“Time has come to gather our voice to raise one voice with one mission. Our voices are condolence of oppressed women in our society. So we must not take rest until our hopes of restore peace for mankind fulfil. That is the most essential task all 3.6 billion women in the world. Women are essential and potential in world peace”, she added

Peace begins with a smile. A simple smile gives you a convenience of being one with the person next to you. But, why do people lose the smile? Why do they have to hold expressions of utter frustration, chagrin, irritation, and disappointment on their shoulders, while hiding all senses of happiness?

It is common sense, that not a single living being which does not like happiness. Everybody likes and expect happiness. But, things surrounding us, things within us and things away from us are making our daily life one of discomfort, discontent, displeasure, and dissipates status of mind which will lead us to drive our life in a gloomy, doubtful and insecure pathway.

It has been proven over and over again, that the distorted scripts of various beliefs are no longer capable of restoring peace but eliminating, evacuating and evaporating the seeds of peace.

The story of Ms. Yunsook Lee, former South Korean Minister of Political Affairs, is one of the thousands of stories to grasp the black pages of the history.  She has been holding various dignitary positions in the bureaucracy of the country after she graduated from Ewha Woman’s University and has been a radio and TV commentator in Korea since 1959.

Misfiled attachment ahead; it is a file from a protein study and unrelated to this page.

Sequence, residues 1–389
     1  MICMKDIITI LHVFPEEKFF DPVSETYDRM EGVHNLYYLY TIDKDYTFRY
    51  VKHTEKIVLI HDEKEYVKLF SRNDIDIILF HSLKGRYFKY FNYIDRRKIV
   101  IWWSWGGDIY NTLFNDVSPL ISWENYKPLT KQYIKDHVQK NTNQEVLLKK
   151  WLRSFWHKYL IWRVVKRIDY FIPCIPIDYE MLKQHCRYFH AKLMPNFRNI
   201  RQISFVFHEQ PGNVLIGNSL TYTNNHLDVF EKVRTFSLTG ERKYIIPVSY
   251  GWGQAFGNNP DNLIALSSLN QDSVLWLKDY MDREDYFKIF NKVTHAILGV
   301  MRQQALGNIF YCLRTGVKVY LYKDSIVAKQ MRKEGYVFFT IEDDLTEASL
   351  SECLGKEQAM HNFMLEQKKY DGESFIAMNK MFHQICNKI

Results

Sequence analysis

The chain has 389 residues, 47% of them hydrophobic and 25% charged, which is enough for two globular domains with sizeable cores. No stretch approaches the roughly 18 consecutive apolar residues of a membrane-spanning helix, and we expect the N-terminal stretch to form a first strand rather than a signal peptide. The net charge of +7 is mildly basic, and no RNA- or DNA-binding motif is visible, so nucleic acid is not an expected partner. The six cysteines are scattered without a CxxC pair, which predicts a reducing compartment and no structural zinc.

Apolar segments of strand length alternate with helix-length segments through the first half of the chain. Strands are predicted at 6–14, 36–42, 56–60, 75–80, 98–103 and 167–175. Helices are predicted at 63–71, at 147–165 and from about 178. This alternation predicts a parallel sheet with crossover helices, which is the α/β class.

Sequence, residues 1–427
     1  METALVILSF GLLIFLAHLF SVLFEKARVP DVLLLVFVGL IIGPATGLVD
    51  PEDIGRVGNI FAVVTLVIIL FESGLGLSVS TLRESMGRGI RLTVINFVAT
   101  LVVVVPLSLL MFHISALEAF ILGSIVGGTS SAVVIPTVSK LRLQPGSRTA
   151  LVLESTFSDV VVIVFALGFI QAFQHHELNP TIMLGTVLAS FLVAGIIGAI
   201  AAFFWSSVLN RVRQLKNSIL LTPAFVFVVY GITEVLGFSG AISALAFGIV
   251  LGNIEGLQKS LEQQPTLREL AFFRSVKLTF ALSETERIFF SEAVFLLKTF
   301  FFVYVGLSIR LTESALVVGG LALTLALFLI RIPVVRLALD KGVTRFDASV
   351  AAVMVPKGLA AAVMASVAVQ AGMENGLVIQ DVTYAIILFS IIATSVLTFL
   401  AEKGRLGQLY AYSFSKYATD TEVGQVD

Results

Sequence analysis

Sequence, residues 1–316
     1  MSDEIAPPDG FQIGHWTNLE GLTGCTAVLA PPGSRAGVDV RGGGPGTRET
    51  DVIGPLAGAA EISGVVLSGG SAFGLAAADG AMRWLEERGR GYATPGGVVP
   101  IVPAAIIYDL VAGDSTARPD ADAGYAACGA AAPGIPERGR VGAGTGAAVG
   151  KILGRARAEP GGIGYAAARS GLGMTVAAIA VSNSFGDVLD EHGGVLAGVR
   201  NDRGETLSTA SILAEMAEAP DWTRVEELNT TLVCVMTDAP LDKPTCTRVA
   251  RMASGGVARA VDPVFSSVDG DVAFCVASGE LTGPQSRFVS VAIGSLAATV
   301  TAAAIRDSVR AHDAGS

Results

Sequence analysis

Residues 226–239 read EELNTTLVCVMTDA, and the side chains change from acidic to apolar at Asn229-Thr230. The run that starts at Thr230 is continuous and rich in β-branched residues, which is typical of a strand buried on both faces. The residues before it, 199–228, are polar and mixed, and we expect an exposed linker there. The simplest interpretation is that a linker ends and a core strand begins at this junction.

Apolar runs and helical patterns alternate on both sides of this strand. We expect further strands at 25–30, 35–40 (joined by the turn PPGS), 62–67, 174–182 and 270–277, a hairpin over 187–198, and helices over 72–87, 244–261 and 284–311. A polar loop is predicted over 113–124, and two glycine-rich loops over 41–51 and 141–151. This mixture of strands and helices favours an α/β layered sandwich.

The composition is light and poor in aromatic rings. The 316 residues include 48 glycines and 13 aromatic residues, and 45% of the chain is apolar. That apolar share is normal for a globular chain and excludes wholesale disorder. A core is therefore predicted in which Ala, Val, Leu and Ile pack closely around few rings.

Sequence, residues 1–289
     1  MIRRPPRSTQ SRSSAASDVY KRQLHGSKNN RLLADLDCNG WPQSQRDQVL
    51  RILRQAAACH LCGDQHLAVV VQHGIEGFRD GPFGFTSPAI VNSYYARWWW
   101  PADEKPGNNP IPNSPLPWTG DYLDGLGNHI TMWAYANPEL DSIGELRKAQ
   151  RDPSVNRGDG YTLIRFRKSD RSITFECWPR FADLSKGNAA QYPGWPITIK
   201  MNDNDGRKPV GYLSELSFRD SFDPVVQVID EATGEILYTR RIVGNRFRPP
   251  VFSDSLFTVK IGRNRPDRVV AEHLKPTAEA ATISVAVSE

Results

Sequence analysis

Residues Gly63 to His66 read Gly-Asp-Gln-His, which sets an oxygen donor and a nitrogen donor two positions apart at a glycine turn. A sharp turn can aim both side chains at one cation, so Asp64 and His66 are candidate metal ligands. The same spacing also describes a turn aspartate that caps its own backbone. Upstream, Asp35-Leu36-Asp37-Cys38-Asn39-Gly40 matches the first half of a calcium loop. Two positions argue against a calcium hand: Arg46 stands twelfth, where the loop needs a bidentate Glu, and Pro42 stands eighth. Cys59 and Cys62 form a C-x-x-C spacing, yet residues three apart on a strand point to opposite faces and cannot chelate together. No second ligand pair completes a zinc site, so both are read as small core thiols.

“This story is personal but I believe this could give you the answer why we need peace and why are we struggling for the reunification of the Korean peninsula”, Yunsook Lee said.

“It was 60 years later I have met my sister after separation as the part of the Korean War.”

“Door was opened, and I was sitting expecting my sister to come. But instead of sister I have seen the shadow of my mother who walking towards me. Then I realised, I’m seeing my sister 60 years later. We departed when we were teenagers but we met when we are in age of grandmother”

“I asked her; where do you want to go while expecting she will say the old house we lived together. But she wants to go the school where we all went to study”

“After hours later, she has to take the bus to depart.”

“This story is not an exclusive but it is the story of many Koreans. We have passed generation but still with tears and sorrows of painful history.”

“But, we still have the same beliefs and ideologies.”

“Families must be re-united. Blocked roads must be re-opened.  People may get the chance to do what they want to do for their life. We must do this quickly,” she urged.

Nothing better to conclude this part than by citing an interesting observation in an article published by Beyond, the in-flight entertainment magazine of Korean-Air in which works of Hanna Arrant have been featured in the latest issue.

“Politics is not a real of truth but of opinion. Opinion is distinct from truth, and plurality is integral to opinion. The political realm is the place where assertions of truth should be made but arguments for or against opinions can continue without end. It is inevitable that the political sphere becomes a raucous place to solve problems”

Like many other jurisdictions, the cold crisis within Korean peninsula is lying on this notion.

Nilantha Ilangamuwa edits the Sri Lanka Guardian, an online daily newspaper, and he also an editor of the Torture: Asian and Global Perspectives, bi-monthly print magazine. He is the author of the just released non-fictions, “Nagna Balaya” (The Naked Power), in Sinhalese and “The Conflation”, in English. He can be reached at [email protected]